I feel that Valencia, as strong as she is, has a lot of insecurities and a lot of weakness that she's afraid of.
The part you read for—and I assume the other parts as well—was open casting? There wasn't a race specified?
No, there was no race specificity, and I think once Rachel and [Crazy Ex co-creator] Aline [Brosh McKenna] were attracted to someone's take on the role, they could hear someone saying it the way the were writing it. Then, what they found in that person, they used that as inspiration for the character's development. So that's been fun. I've been able to be a muse for a really fantastic creative team, and then they do spin and make fun.
So you mentioned that Rachel and Aline use you as a muse for your character. What characteristics you and Valencia share?
I love this question because mean girls don't think that they're mean girls, so to speak. So, with my girlfriends—which I do have girlfriends, so that's a difference—we joke that I'm the Monica of the friendship. You know, we cast everyone as the cast of Friends. I'm the Monica who is honest, straightforward, owns the apartment, is a little bossy.
So I hope that Valencia doesn't come off just as mean, because I never come from a place of being malicious, and I don't think she does either. What I can say we have in common and what I understand about her is that she doesn't beat around the bush, she doesn't take people's nonsense for too long, and she eats her own words because she has been taking Josh's nonsense for 15 years. So she is also who she doesn't want to be.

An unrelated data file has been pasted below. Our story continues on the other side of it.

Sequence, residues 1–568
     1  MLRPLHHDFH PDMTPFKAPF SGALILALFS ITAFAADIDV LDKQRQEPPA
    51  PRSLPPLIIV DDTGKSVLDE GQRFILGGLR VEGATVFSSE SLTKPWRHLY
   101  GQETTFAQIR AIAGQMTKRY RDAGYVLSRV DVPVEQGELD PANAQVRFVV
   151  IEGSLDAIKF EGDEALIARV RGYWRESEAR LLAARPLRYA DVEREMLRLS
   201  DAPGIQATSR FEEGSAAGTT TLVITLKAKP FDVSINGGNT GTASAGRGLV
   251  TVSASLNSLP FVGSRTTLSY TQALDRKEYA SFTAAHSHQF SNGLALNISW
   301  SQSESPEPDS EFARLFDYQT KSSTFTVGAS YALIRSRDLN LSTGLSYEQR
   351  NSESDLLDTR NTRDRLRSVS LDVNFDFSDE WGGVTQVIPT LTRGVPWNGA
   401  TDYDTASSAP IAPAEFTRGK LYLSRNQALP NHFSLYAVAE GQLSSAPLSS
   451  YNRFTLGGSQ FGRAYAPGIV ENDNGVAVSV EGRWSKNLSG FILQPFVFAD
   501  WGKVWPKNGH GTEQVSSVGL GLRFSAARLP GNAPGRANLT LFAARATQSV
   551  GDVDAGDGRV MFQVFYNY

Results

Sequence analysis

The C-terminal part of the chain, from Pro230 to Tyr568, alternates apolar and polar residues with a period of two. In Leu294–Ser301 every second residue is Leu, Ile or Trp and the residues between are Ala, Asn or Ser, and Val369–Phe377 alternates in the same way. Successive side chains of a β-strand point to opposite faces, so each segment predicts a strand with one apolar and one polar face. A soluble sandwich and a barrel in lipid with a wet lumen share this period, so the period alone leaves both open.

I love that conflict between her, that she's so straightforward and transparent in that way—that she's honest. Consider it a compliment/insult — a "complisult," like we've spoken about before in some articles, that she's doing it kind of for your own good. She's trying to help, and it can come off in a way that isn't very helpful or meaningful. So what we have in common is being really, really honest, being transparent, and I do like water. I do like to drink a lot of water.
I was going to ask.
The first scene I ever shot was in [episode] 102, "Josh's Girlfriend is Really Cool!" It's the patio scene where we're having lunch and we're talking about getting my yoga studio. It was the first scene I ever shot on Crazy Ex-Girlfriend, and they brought me the boxed water, and I rolled my eyes. I said, "Of course she has boxed water, ugh." Then I drank it, and it's really, really good.
What has Rebecca and Valencia's relationship taught you about navigating female friendship?
Female friendship, for me, is a very important topic. I am an advocate for teaching and inspiring youth in the arts, and so I have not only witnessed it myself in high school when it comes to female friendships and the dynamics between them, but I also am very passionate about helping the next generation not repeat some common mistakes that can happen.